North Korean leader Kim Jong Un is the latest male leader to address his country’s declining birth rate. Last Sunday, he spoke at the country’s first National Mothers Meeting in eleven years, encouraging North Korea’s women to have more babies.
“Stopping the decline in birth rates and providing good childcare and education are all our family affairs that we should solve together with our mothers,” the 39-year old leader said in Pyongyang.
He went on to say that women had a duty to address the fall in the country’s birthrates to strengthen national power.
During his speech, he was seen dabbing his eyes with a handkerchief.
The population trends in North Korea are difficult to assess due to the limited statistics disclosed. South Korea’s government believes the North’s fertility rate has dropped steadily in the past decade.
In 2014, a woman’s average number of babies over her lifetime in North Korea stood at 1.88. Last year, the figure dropped to 1.79.
Kim Jong Un isn’t the only world leader publicly pressuring women to have more children.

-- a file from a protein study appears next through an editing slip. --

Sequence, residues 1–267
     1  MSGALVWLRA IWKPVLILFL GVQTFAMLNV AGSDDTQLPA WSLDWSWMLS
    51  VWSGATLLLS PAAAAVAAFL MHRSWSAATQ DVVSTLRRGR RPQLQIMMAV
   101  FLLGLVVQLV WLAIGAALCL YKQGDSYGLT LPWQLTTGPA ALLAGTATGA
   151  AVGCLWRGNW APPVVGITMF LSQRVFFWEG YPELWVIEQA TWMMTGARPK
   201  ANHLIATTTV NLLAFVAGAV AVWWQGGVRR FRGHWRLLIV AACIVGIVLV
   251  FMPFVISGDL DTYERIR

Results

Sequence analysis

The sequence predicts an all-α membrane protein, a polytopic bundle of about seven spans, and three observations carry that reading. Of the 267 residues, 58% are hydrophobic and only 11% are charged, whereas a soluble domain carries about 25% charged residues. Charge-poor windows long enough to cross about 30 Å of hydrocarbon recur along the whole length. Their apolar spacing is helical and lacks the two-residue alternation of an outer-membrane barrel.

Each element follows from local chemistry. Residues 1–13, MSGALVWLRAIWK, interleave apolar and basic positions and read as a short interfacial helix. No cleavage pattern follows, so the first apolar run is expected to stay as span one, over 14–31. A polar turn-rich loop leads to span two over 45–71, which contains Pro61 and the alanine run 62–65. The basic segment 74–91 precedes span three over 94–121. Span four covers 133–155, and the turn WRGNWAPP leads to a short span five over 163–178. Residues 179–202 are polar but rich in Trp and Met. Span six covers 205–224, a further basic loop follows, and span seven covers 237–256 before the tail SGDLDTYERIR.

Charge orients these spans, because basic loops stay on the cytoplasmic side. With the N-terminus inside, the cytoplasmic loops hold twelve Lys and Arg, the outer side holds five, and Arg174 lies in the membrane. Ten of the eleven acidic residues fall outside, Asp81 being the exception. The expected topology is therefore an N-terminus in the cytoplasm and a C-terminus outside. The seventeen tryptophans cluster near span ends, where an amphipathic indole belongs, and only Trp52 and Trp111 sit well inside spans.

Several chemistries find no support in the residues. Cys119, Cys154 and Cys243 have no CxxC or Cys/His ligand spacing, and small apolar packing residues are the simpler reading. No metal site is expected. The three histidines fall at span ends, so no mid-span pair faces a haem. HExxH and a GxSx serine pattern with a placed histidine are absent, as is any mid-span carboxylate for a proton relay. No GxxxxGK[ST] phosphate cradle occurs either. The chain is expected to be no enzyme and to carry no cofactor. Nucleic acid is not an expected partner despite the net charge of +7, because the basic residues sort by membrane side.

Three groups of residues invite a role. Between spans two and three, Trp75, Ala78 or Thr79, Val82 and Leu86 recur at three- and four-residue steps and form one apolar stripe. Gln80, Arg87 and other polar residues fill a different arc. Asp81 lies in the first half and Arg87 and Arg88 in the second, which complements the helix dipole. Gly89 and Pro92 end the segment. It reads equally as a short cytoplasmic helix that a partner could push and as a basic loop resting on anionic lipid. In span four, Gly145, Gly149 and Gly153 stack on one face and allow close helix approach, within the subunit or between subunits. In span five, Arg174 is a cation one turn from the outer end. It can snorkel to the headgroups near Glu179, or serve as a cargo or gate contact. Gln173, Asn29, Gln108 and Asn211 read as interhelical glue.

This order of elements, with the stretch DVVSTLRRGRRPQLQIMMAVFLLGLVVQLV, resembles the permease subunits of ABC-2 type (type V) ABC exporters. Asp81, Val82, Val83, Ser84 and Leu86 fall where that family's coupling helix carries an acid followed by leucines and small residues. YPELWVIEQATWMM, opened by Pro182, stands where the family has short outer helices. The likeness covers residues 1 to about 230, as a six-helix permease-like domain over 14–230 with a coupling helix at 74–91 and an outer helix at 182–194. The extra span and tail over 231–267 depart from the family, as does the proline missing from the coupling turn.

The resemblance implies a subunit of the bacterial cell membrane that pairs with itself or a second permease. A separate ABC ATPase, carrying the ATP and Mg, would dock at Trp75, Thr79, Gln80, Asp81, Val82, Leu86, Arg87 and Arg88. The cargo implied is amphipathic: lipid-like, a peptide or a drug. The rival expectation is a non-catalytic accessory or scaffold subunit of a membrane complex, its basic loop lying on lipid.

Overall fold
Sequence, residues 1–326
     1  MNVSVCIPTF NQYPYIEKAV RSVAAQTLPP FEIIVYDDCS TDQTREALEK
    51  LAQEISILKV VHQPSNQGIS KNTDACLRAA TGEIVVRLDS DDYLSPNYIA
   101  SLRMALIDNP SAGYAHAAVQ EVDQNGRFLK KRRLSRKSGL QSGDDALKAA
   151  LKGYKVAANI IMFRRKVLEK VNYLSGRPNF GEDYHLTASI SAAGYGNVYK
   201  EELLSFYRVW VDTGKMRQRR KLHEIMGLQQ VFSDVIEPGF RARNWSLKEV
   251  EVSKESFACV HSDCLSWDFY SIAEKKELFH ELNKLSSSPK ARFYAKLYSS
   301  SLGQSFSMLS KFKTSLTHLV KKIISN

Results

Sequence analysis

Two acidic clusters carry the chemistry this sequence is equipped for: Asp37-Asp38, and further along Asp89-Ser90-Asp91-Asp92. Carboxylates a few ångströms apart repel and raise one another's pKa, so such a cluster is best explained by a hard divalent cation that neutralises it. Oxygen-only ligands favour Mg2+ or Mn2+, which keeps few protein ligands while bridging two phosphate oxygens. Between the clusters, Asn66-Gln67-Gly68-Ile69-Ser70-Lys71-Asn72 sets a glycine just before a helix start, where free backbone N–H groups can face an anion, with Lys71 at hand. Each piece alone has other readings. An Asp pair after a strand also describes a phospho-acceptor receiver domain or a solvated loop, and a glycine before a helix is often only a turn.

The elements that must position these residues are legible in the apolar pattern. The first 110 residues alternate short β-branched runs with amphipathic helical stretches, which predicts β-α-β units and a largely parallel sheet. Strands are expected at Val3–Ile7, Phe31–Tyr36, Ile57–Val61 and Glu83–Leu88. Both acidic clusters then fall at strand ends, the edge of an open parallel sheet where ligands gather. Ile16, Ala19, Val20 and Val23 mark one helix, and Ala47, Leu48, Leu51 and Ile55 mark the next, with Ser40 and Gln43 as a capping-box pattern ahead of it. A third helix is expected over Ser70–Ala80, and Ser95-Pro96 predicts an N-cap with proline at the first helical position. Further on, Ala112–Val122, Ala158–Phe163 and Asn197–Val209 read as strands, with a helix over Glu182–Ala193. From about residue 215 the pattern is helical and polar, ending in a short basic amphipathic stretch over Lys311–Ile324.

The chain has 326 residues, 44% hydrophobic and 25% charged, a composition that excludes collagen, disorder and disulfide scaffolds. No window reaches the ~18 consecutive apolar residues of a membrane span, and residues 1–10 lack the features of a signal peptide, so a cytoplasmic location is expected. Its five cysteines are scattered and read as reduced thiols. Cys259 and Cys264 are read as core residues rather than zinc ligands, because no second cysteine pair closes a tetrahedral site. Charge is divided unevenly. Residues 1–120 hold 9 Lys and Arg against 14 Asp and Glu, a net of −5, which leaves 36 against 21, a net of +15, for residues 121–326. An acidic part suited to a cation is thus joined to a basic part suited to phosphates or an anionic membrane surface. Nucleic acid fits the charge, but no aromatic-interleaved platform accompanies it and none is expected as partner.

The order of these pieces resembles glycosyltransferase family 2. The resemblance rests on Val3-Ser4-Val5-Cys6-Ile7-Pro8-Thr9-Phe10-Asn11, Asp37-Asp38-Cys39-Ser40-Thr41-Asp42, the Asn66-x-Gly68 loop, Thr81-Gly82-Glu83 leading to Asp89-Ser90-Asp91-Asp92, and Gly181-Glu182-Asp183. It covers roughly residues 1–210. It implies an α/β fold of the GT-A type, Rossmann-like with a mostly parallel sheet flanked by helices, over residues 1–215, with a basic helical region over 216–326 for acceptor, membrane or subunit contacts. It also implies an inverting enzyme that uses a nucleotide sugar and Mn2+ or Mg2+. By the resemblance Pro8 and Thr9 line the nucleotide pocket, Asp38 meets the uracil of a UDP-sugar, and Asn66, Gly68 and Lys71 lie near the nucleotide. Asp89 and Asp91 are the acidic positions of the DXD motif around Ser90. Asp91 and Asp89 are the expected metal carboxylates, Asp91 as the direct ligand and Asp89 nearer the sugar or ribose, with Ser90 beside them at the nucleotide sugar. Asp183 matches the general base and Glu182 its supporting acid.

Last week, Russian President Vladimir Putin urged women to have as many as eight children and to make large families the “norm”.
Addressing the World Russian People’s Council in Moscow on Tuesday, Putin said increasing Russia’s population will be “our goal for the coming decades.”
“Many of our ethnic groups have preserved the tradition of having strong multigenerational families with four, five, or even more children. Let us remember that Russian families, many of our grandmothers and great-grandmothers had seven, eight, or even more children.”
“Let us preserve and revive these excellent traditions. Large families must become the norm, a way of life for all Russia’s peoples. The family is not just the foundation of the state and society, it is a spiritual phenomenon, a source of morality.”
In October, Chinese president Xi Jinping said women must establish a “new trend of family” and have more babies in order to address the country’s aging population and declining birth rates.
According to the president, it is important for Chinese women to “actively cultivate a new culture of marriage and childbearing and strengthen guidance on young people’s view on marriage, childbirth and family.”
For Xi, more effort needed to be put into encouraging women towards these aspirations to promote “family harmony, social harmony, national development and national progress.”
It was only in 2016 when China ended its one-child policy, allowing couples to have two or more children. Recently, a report revealed the number of births in China dropped 10 per cent in 2022 — the lowest level on record for the nation.